No wonder advertisers started to bail.
And while some may consider it "too little, too late," the fact is Facebook has addressed the bulk of the issues that made the stock such a disaster right out of the gate.
…And this is now
For starters, the company completely revamped the way it sells advertising space. More specifically, it's now focusing on real-time bidding.
Real-time bidding (RTB) for online-ad slots isn't exactly new, but it is a growing method of buying online ad space. RTB allows advertisers to set the price they are willing to pay to target specific users, making it far more effective for advertisers to match consumers to the appropriate ad content. The advertising industry is expected to spend a total of $2 billion on RTB this year and $5.1 billion by 2015, according to information technology researcher IDC.
Facebook only introduced real-time bidding — dubbed Facebook Exchange — in June. But advertisers are already seeing a much better return on their Facebook ad investments than other real-time bidding systems. Though the results vary, advertisers are reporting the new bidding arrangement drives response rates that are anywhere from twice as successful to more than six times as before.
Simultaneously, Mark Zuckerberg finally recognized the company was missing the boat by not being smartphone-friendly.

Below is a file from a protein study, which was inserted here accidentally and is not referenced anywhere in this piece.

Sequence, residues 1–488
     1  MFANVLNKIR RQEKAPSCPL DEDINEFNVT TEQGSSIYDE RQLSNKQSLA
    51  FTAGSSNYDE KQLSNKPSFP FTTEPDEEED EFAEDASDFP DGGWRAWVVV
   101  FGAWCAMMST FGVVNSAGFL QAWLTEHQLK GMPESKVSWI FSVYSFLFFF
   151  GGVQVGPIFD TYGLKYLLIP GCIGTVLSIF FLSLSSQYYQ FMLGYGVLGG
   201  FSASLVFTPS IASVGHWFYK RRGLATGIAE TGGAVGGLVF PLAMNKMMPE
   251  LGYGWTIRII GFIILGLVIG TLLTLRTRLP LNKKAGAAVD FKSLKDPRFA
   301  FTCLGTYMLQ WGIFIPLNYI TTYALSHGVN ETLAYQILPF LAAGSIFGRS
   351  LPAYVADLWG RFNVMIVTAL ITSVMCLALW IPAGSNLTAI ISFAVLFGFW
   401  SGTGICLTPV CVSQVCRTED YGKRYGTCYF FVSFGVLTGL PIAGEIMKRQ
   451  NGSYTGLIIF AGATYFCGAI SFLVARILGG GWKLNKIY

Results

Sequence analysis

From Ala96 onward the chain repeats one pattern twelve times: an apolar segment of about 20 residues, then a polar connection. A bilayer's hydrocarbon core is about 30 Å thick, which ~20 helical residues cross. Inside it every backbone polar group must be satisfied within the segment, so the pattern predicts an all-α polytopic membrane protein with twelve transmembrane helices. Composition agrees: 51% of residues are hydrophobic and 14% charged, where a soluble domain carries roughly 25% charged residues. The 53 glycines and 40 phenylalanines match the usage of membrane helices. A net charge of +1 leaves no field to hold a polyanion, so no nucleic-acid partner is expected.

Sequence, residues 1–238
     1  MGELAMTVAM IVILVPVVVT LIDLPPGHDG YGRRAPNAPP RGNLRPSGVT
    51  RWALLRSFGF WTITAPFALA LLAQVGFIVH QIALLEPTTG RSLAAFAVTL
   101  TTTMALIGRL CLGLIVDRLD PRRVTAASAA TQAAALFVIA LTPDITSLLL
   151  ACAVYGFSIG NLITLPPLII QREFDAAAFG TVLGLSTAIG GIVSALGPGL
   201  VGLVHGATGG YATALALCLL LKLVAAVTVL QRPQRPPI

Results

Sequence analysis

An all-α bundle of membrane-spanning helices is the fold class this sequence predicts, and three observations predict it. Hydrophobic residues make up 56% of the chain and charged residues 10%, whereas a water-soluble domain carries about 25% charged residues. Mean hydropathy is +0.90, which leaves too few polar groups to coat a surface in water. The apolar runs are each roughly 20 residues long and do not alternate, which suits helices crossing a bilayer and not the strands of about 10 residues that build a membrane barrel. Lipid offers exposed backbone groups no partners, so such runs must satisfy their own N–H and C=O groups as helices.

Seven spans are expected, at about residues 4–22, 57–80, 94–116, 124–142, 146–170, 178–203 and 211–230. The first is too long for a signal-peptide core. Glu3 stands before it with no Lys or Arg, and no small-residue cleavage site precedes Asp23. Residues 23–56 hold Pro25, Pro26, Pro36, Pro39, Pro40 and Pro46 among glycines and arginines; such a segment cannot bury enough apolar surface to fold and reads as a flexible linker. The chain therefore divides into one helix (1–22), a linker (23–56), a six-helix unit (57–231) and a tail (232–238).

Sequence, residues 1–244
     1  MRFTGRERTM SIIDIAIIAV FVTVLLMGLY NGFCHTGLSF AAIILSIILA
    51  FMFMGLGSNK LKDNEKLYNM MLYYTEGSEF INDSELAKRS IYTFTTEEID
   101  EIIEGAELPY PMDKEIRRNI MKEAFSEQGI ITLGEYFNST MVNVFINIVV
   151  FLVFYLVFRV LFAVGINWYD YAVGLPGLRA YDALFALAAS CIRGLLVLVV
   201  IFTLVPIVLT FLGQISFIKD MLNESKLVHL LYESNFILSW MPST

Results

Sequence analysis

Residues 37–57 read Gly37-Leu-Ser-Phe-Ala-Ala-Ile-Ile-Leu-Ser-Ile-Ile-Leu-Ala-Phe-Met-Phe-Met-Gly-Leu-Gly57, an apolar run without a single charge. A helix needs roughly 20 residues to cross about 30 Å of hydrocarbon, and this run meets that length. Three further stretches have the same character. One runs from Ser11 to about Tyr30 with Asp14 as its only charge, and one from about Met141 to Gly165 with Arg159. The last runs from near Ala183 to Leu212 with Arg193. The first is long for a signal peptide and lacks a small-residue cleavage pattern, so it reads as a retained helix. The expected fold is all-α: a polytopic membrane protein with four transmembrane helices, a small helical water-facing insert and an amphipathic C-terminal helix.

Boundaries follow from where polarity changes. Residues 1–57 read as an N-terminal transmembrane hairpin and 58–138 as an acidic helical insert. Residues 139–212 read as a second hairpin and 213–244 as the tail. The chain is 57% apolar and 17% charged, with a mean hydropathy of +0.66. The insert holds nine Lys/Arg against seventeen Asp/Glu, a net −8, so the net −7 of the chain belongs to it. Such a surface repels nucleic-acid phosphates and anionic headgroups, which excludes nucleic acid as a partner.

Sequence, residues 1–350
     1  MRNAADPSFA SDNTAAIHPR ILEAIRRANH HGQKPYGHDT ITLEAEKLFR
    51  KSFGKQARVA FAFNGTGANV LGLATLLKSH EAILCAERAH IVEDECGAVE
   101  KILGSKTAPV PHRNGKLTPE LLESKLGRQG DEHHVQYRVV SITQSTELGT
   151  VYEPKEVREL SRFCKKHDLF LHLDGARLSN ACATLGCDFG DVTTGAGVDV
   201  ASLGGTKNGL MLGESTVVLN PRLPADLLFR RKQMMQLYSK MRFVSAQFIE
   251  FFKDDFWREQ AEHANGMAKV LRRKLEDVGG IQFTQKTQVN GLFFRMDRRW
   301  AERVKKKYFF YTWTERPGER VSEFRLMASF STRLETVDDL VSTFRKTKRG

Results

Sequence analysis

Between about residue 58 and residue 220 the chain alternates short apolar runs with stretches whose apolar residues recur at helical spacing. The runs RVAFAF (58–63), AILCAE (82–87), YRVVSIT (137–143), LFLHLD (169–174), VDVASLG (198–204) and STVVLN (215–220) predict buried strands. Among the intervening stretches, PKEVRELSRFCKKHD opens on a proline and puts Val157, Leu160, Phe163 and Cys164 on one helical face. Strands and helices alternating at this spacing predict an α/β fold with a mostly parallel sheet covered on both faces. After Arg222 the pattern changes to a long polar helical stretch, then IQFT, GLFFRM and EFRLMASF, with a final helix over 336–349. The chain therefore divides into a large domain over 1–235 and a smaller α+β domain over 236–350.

Don't get me wrong, smartphone users can access Facebook, but the social media site isn't optimized for such devices. That's a problem. Though most users still visit the site using a computer for an average of 391 minutes per month, mobile phone users are on the site for an average of 441 minutes per month.
Yet, mobile phone and tablet Facebook users only view about two ads per day, while computer-based Facebook users view an average of 5.5 ads per day. The issue has since been addressed, and smartphone users are going to see more ads now, which means more clicks and more revenue.
Few investors may see it, but these two simple tweaks could help the company overcome its biggest stumbling blocks.
Risks to Consider: Though it's compelling to see a company acknowledge and correct mistakes, the two big errors that were corrected within the past few weeks should have been avoided altogether in the first place. One has to wonder how easily the company could wade into similar mistakes again.
Action to Take — > There's no question Facebook is going to be a dominant destination on the web. But it doesn't have to be the world's most-visited website in order to bear fruit for investors. Based on the improved ad-revenue metrics and better functionality for smartphone users — against a backdrop of disgust with the stock — now may the ideal time to sneak into a Facebook position based on value.
All things considered, you could make a plausible case for Facebook shares growing 30% to 40% between now and the end of 2013. By then, this could quite possibly be market's most talked-about turnaround story.
— James Brumley